DÜSSELDORF, GERMANY (Nov. 29, 9:35 a.m. EST) — Flush with cash after selling a fiber-optics laboratory earlier this year, automation-systems company Gefran SpA wants to focus its attention on all-electric injection presses.
The Italian company believes the next great frontier for automation is in electric molding machines. Those hot-selling machines currently lag behind their hydraulic counterparts for advanced control systems, said Gefran President Ennio Franceschetti, interviewed Nov. 1 at K 2001 in Dusseldorf.
“It's a priority,” said Franceschetti, speaking through an interpreter. “The molding on electric machines is quiet and clean, and this is exactly what the market asks for. But we need very much to develop automation systems.”
Gefran, based in Provaglio d'Iseo, Italy, is starting work with customers on new automation controls. Gefran, one of the leading global makers of microprocessor control systems for injection presses, plans to use some of that same technology to bridge the gap to electric machines, Franceschetti said.
Funds for research and development should not be a problem, he said. In March, the company sold Gefran Silicon Micro Systems srl, a fiber-optics technology lab in Turin, Italy, for $55 million. The buyer was Palo Alto, Calif.-based Agilent Technologies Inc. The California company plans to develop optical-communications systems for Internet applications using the fiber-optics technology created by Gefran.
Gefran has development plans of its own. The company will invest $4 million annually during the next three years in research and development. Much of that work will involve new controllers and industrial sensors.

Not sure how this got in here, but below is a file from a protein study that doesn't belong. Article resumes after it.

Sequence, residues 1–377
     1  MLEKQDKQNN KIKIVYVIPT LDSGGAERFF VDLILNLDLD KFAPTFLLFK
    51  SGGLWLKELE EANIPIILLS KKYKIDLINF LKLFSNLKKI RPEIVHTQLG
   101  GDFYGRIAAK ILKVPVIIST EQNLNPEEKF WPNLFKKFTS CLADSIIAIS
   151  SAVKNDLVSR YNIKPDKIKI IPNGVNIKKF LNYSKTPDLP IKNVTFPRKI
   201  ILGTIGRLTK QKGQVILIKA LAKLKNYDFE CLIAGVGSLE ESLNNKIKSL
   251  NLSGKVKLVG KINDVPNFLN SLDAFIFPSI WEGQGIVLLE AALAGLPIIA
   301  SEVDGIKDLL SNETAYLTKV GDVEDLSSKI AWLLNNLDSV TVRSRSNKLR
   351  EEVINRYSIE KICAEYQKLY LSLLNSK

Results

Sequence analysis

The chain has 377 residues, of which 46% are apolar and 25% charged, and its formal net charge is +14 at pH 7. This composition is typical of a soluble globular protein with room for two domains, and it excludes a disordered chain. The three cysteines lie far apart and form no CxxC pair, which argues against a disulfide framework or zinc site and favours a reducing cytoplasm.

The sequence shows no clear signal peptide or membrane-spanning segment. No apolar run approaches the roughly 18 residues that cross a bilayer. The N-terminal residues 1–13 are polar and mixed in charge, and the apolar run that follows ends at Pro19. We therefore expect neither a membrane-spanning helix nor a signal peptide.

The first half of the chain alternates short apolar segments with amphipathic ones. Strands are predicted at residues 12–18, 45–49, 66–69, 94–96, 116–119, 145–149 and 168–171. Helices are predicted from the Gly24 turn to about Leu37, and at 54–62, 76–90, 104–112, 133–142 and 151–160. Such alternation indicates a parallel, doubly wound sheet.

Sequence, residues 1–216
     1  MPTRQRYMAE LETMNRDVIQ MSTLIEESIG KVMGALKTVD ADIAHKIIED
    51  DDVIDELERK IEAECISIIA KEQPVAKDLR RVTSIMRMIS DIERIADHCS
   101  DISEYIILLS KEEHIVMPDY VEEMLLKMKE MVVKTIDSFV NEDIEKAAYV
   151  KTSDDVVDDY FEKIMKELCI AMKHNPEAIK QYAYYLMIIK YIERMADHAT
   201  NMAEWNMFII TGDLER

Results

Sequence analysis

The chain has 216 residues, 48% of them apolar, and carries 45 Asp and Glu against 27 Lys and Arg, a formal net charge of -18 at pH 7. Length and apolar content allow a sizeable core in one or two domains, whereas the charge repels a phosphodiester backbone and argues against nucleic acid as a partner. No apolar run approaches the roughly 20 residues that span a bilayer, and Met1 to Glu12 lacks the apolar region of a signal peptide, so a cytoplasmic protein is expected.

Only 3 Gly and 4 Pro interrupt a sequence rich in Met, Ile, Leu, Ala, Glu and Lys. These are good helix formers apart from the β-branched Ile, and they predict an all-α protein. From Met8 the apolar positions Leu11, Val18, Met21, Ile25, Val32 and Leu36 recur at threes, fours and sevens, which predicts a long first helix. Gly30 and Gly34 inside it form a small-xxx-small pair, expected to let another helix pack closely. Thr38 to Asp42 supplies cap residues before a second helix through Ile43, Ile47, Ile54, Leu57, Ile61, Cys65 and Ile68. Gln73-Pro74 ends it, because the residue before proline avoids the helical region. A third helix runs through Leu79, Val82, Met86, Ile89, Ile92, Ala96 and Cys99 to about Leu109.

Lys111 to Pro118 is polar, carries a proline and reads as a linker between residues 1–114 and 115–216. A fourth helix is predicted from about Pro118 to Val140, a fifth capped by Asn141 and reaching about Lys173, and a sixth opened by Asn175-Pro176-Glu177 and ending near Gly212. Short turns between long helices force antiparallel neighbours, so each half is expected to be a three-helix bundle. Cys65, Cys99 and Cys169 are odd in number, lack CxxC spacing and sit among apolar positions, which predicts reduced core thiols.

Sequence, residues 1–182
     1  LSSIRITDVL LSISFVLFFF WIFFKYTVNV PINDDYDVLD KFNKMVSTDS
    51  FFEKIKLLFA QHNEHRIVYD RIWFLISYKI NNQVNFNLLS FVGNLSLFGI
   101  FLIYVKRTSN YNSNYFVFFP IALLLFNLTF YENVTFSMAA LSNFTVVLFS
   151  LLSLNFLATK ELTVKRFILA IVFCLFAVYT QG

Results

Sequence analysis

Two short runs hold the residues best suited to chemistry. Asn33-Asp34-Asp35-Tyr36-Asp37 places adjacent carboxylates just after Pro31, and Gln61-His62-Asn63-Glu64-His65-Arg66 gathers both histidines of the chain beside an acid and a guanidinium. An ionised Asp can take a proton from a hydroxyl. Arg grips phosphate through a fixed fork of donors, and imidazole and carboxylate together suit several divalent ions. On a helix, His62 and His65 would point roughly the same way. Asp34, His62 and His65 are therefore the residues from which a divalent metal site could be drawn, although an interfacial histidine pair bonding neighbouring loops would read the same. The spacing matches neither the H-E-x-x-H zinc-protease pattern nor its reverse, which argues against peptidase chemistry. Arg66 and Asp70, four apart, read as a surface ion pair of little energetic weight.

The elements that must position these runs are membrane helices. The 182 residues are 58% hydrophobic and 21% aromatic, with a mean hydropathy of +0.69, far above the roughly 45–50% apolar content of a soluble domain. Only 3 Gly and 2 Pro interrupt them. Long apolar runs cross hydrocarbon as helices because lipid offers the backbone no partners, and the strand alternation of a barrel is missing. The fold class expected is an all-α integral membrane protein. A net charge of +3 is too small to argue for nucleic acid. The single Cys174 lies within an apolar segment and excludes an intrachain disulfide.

The company also wants to expand its U.S. presence. It established a manufacturing base in Winchester, Mass., in 1999 when Gefran purchased Industrial Sensor Inc., a Winchester-based maker of melt-pressure sensors for automation systems.
The purchase of ISI, for $7 million, allowed Gefran to supply a full product mix for its automation systems, Franceschetti said. Before then, the company, traded on the Milan Stock Exchange, had difficulty making its way into America, Franceschetti said.
“American customers must trust you and believe in what you give to them,” he said. “But it is not possible to make mistakes in the American market, especially for an Italian company. Now, we are an American company and have opportunities that we did not have before.”
The company has created a new subsidiary, Gefran ISI Inc. in Winchester, and set up a sales organization there. Gefran currently is evaluating what other products, besides sensors, to produce at the plant.
The company's only other manufacturing facility outside Italy is in Lyon, France. But while worldwide sales for Gefran should remain fairly flat this year at $80 million, the company has much room to grow in North America, Franceschetti said.
The Winchester facility, located outside Boston, has about 50 employees and annual sales of about $7 million, he said.
New products and technology could drive the growth of its North American operations, Franceschetti said. Its turnkey automation systems already are sold in this country on hydraulic injection presses. But the United States is a growing market for electric presses, which need a separate control system. Those electric machines account for about a quarter of the injection machines sold in North America, according to various equipment suppliers.
Several control-system competitors are hot on the trail of developing automation systems to keep up with that growth, Franceschetti said. His company, with an infusion of research dollars, hopes to reach the market early, he said.
“The industry is in need of new ideas now,” Franceschetti said. “There will be a lot of development in this field, with new players and new products. We believe the good ideas will make money, but there is still a lot to do.”